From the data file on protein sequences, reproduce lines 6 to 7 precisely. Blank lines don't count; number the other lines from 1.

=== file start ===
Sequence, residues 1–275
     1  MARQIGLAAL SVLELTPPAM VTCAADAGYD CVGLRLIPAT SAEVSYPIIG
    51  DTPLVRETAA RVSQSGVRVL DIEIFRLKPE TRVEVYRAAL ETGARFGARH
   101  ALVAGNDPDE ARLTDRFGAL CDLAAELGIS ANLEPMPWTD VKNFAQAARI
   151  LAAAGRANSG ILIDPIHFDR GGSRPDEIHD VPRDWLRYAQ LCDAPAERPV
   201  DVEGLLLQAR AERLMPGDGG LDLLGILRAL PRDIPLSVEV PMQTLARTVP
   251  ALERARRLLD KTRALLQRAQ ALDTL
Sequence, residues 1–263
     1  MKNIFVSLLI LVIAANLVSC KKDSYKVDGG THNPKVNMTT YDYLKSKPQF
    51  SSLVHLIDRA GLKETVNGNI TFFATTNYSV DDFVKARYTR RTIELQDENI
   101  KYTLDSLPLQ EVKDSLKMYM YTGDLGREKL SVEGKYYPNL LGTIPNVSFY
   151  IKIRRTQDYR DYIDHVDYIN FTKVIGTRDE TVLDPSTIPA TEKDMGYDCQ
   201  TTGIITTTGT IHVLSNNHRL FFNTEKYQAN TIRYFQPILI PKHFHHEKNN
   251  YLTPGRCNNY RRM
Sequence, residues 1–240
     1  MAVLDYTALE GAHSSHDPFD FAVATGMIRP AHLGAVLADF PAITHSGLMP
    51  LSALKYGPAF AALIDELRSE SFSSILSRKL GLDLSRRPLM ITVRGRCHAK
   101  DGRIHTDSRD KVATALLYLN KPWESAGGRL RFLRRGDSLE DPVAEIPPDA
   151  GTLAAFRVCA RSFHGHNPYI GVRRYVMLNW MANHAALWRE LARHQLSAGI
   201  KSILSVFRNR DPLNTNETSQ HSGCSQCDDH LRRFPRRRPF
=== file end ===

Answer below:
   201  DVEGLLLQAR AERLMPGDGG LDLLGILRAL PRDIPLSVEV PMQTLARTVP
   251  ALERARRLLD KTRALLQRAQ ALDTL